Look for changes in environment before blaming neighbor
for garden's failure
For 20 years I had a gorgeous vegetable garden. Then a
neighbor who had never gardened before, whose garden backed up to
mine, put in her first garden and I noticed that all my cucumber
plants leaves turned brown and shriveled. I lost all my cucumbers.
She told me she had cucumber blight whatever that is.
I now also get it on my zucchini and this year it
attacked my tomato plants as well. Everything turns brown and dies
It tried Neem but it was not successful. I don't know
what is safe to use and still eat the vegetables, or how long after
using Neem you must wait before consuming the vegetables. Also,
should I spray the soil this fall with a fungicide? Should I wait
Your neighbor may have planted a mildew-prone type of cucumber
and those spores may have taken hold on your plants. Yet it's more
likely that neighbor's first try at a garden came during a year and
on a site conducive to disease.
Without thorough clean-up the previous year or correction of
site conditions that make mildew more likely, cucumbers and close
relatives such as zucchini might have the same problem the next
year. The tomato, about as far removed from cucumber and zucchini
as walrus from parakeet, doesn't share that disease but can fall
prey to its own diseases if a site is prone to fungus.
You may say, "Not my garden. It was fine until that neighbor
introduced disease!" But wait. Take an objective look at your yard
and neighborhood now versus 20 years ago. Have nearby trees and
shrubs grown, filled in? Are there fewer hours of light each day,
and is air movement less free? Are two sprinklers running there,
making it more damp, or at different times so the plants are damp
for more hours per day? All these conditions can creep up on a
gardener, so we don't notice them until they hold sway and our
older garden begins to favor fungus development. Since fungi of
various kinds are responsible for most plant diseases, the garden
begins to decline.
Clean up and dispose of all infected plants this fall. Prune to
admit more light or air, or relocate the garden. Forget trying to
treat the soil with a fungicide, which is impractical and
inadvisable for reasons we can discuss later if you write
Choose the varieties of vegetable you grow for disease
resistance, and rotate to crops in different families. Explain your
strategies to your neighbor, a new gardener who can benefit from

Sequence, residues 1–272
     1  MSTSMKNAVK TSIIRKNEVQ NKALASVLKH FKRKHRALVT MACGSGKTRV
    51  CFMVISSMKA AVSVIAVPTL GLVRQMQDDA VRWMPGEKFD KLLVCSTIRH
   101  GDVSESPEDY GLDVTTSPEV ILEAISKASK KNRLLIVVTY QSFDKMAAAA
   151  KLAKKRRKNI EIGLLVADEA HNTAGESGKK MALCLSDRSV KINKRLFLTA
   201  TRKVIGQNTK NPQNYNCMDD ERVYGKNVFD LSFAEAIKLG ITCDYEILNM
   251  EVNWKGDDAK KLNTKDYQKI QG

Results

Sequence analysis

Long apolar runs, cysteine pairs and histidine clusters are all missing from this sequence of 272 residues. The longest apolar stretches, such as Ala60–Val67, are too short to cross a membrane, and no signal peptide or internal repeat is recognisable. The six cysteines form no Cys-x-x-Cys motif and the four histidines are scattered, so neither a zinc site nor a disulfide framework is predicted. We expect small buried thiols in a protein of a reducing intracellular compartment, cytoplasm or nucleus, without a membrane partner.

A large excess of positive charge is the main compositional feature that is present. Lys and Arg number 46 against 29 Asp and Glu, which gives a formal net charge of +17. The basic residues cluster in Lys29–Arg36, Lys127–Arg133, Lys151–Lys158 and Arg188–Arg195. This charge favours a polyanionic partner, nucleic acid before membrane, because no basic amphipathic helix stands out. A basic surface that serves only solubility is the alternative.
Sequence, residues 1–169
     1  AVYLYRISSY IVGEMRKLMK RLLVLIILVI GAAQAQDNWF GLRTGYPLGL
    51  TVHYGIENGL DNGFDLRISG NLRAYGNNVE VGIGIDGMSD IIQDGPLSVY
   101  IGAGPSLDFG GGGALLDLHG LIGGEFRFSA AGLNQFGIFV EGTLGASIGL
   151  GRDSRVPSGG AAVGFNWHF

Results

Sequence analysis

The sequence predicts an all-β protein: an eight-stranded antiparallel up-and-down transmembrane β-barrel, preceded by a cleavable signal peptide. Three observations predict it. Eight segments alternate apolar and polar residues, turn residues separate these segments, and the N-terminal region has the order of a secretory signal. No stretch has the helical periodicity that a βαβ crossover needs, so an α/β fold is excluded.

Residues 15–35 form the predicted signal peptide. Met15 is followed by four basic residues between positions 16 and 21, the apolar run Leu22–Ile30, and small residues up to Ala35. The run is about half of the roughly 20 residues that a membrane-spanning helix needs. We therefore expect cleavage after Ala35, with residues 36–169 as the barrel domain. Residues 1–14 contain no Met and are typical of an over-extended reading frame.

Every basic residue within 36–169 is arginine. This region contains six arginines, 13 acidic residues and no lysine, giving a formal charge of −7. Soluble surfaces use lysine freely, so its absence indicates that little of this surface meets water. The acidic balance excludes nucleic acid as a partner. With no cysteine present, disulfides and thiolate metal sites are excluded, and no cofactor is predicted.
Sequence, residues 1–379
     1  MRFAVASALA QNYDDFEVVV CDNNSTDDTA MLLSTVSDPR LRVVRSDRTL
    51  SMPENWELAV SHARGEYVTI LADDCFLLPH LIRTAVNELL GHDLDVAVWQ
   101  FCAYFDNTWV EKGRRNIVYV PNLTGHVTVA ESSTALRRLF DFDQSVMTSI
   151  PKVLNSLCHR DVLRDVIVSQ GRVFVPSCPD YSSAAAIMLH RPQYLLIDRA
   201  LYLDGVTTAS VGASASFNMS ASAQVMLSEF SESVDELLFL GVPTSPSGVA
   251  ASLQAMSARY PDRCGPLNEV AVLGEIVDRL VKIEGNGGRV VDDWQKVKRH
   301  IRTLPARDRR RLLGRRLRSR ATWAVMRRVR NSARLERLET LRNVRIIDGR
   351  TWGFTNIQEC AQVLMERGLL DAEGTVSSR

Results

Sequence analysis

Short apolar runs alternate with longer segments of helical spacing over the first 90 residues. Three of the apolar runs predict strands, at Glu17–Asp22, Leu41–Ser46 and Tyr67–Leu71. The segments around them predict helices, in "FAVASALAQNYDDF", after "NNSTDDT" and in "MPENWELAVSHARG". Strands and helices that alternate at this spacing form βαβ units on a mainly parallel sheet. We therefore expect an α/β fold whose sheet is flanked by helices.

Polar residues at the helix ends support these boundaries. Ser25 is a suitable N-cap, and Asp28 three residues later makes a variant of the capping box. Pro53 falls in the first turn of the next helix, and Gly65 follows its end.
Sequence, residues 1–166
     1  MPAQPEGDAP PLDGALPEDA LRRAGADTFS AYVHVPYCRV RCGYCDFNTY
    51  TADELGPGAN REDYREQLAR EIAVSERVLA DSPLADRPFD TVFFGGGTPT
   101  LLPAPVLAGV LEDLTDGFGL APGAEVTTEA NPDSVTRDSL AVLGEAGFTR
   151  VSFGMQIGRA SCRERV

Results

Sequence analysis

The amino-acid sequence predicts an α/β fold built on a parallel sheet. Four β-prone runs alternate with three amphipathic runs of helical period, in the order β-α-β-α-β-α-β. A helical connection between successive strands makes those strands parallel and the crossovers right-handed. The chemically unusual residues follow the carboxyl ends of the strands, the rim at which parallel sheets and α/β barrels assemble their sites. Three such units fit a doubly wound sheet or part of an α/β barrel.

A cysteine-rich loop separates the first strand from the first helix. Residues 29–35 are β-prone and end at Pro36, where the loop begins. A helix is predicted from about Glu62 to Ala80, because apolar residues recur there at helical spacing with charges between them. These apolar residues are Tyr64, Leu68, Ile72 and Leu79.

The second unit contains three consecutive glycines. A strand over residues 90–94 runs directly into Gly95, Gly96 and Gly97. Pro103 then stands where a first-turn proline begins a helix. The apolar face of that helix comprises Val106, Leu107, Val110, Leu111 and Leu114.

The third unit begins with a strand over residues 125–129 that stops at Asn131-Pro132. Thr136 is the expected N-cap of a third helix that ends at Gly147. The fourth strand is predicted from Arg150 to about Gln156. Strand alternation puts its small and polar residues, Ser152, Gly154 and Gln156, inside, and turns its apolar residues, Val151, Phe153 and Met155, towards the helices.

your experience and may agree to coordinate for wiser watering.
These cultural changes are far more effective in controlling fungus
than preventive fungicides. So you may be able to dispense with the
worry about interval between spraying and harvesting (listed on the
label of any pesticide approved for use on edible crops).
Recent needle-fall on white pines is
You may not notice until you have your own new tree, that white
pines drop their two- or three-year old needles every fall, all at
once. It can be alarming to see an evergreen develop so much
yellow, yet this is normal. Take a look and you should see it is
only the older needles that are falling, not those at the tip of
It can be especially worrisome for a year or two on a white pine
that was quite large when it was planted. Such a tree rarely grows
as well right away in its new site as it did in the nursery, which
means it adds fewer needles each year than it once did.
Let's say each twig was adding 50 needles per year in the
nursery but as a new transplant that rate falls to 25 per year. In
the first and second fall on-site, each twig will not lose just 33-
to 50 per cent of its needles but 40 or 80 per cent of the
Baby every new transplant until its new growth rate equals or
exceeds the pre-transplant rate. That means checking the soil
moisture in and around the root ball, watering regularly, and
watching for problems, then interceding if they occur. It's the
opposite of what you would expect but smaller plants, not large
ones, are quickest to get their feet under them.
Enjoy the smells of fall.
Somehow fragrance is richer when you don't expect it. To the
mellow warm tannins of fallen leaves and the tang of cooling soil,
add the mellow tone of vanilla from dried Joe Pye flowers.
Green thumbs up
to maintaining momentum in fall. Planned to work outdoors today
but it's raining? Stay out. Sharpen your tools or clean the garage.
(Perhaps you'll find the gloves or pruners that disappeared this
year!) If you go in and sit down you may stay down all winter.
Green thumbs down
to taking advantage of a local garden center's expertise without
repaying it with your patronage. Shame on you for having them draw
you a free landscape design on the pretense of future purchase,
then buying everything at a "big box" store. You proved you value
what only local specialists can provide, and will doubtless rely on
it again when you run into your first growing problem. You'd better
support that or it will disappear.
Originally published 10/30/04